• The article's wording is straight out of the Science Diet playbook, lol, which is of course where the vets get most of their information on canine nutrition. :)

  • Michelle, we all fell for the Rx food nonsense at some point. Me too. No need to feel guilty, we all did the best we could with the information we had at the time. The info wasn't out there until after the 2007 recalls. Now we know better, and when you know better, you do better. :) 

    • Amen to that!
    • Absolutely - I fell for it a couple of time - the food, the allergies and the stupid steroids - altogether could have had more time and all I can say is that put it together, this is why I do tons of research and have come to have a major appreciation for all the efforts on the part of DK'ers.     Sometimes trust can be a double edged sword, I tend to avoid sharp objects.

      Not to mention the simple fact that many rescue organizations provide newly adoptive parents with a 'free' bag of SD to get them started..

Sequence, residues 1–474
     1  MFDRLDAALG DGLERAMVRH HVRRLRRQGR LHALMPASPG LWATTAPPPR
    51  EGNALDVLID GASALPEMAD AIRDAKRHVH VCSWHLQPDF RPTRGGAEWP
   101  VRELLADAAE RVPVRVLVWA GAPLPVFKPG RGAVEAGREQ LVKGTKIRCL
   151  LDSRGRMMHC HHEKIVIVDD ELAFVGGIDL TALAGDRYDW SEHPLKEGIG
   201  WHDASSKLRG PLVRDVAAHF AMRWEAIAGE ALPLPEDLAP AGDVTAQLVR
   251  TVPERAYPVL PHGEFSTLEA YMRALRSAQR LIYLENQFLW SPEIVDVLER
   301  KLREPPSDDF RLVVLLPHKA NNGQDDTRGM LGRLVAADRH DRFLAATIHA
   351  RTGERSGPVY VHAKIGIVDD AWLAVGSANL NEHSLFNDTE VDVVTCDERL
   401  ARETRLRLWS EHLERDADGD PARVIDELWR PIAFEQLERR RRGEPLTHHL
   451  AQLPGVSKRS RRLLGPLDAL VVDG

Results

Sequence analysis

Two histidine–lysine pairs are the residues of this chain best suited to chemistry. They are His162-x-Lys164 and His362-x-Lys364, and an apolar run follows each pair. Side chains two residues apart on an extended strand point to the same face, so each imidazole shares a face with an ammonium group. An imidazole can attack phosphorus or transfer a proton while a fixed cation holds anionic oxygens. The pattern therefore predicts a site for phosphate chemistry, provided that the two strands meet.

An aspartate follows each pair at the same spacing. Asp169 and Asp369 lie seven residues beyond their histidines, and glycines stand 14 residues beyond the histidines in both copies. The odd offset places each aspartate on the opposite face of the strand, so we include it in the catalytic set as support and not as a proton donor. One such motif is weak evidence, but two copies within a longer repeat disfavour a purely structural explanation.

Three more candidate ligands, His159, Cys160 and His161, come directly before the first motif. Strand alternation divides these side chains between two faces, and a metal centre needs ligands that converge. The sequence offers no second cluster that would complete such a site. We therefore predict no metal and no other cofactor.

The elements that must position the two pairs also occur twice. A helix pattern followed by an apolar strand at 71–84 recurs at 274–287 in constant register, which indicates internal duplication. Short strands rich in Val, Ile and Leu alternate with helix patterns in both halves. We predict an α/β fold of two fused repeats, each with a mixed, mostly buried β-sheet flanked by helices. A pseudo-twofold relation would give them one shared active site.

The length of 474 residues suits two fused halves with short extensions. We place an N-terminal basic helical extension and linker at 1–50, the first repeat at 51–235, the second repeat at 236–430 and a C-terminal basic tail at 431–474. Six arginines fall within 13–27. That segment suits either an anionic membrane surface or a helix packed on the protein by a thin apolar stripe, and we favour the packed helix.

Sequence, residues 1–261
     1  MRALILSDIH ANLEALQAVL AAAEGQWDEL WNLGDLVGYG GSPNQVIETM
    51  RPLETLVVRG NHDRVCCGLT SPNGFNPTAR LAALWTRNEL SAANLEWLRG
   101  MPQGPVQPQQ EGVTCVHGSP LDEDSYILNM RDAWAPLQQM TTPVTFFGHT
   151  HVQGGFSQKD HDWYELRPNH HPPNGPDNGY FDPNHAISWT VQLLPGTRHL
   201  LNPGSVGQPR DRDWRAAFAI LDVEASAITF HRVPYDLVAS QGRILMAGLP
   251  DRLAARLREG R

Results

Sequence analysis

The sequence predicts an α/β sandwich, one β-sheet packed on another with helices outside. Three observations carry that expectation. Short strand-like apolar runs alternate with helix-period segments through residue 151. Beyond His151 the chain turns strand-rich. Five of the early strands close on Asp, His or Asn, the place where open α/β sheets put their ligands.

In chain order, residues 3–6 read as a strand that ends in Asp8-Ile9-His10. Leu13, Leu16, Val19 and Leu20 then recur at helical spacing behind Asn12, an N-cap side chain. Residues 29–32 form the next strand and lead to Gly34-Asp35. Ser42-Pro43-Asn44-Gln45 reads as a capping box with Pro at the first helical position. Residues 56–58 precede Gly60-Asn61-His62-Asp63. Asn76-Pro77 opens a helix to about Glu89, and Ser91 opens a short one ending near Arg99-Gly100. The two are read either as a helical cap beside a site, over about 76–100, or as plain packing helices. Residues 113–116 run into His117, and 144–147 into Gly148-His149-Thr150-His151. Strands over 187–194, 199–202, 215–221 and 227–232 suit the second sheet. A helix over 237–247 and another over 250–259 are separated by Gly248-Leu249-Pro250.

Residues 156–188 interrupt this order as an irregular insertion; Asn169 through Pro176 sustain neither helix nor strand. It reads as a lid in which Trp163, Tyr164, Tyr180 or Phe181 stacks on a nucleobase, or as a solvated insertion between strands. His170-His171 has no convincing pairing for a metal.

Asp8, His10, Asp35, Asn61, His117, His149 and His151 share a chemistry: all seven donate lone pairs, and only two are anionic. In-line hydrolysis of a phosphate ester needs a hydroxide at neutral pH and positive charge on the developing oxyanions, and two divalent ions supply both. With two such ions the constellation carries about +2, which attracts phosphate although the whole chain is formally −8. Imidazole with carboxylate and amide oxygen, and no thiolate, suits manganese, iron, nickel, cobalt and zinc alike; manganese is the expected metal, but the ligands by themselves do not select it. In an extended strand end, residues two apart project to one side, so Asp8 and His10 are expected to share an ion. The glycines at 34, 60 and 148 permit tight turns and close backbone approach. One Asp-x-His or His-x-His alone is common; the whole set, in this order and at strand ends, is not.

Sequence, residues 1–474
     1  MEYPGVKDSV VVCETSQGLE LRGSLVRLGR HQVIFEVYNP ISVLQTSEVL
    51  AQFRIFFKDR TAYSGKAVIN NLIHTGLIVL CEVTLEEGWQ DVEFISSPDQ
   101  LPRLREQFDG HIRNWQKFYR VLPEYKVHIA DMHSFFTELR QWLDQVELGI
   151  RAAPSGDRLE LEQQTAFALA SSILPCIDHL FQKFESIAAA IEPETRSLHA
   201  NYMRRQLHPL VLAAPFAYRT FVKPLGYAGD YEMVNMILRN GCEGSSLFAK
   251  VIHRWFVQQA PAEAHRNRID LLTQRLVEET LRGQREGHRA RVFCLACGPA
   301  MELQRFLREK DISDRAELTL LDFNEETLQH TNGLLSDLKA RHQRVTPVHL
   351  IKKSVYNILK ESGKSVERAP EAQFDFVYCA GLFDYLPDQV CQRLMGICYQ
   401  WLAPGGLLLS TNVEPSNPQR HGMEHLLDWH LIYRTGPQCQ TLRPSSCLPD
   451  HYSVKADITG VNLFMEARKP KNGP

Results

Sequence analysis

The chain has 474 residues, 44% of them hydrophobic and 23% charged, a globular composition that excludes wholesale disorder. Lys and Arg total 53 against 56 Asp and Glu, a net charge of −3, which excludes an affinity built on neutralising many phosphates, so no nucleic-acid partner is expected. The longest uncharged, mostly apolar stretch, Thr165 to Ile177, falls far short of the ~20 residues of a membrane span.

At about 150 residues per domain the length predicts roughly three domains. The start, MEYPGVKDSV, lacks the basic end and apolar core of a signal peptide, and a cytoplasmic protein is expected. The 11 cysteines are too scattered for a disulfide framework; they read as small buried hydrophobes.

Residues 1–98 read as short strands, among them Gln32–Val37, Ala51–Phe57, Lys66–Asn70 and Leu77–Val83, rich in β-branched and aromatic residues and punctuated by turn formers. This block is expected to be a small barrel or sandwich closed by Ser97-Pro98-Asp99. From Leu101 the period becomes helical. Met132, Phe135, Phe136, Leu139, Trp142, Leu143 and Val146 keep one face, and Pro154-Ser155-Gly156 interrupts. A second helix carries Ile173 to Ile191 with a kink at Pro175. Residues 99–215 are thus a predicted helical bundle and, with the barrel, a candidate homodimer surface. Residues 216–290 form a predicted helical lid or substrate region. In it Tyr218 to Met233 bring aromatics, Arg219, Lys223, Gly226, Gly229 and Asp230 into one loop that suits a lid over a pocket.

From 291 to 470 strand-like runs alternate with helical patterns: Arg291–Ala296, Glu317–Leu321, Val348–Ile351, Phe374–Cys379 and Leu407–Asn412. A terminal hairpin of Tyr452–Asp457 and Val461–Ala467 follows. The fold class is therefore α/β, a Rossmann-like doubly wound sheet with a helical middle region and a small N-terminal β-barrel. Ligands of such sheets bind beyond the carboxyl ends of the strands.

• Amen!

  • One thing really jumped out for me--check out the second to last paragraph.  "This approach provides a pet food that is properly balanced, without excess nutrients..."   So apparently it's a great idea to put in plenty of non-nutrient fillers so this dangerous flaw can be avoided...??

    • LOL, Pat!

      You could take the whole article apart sentence by sentence and find similar kinds of nonsense. 

    • I noticed that also, Pat.  Let's all buy a low quality, low protein, low nutrient food!

  • The only reason commercial dog food is relatively low in protein is because it cost too much to make dog food that is 50% or more meat.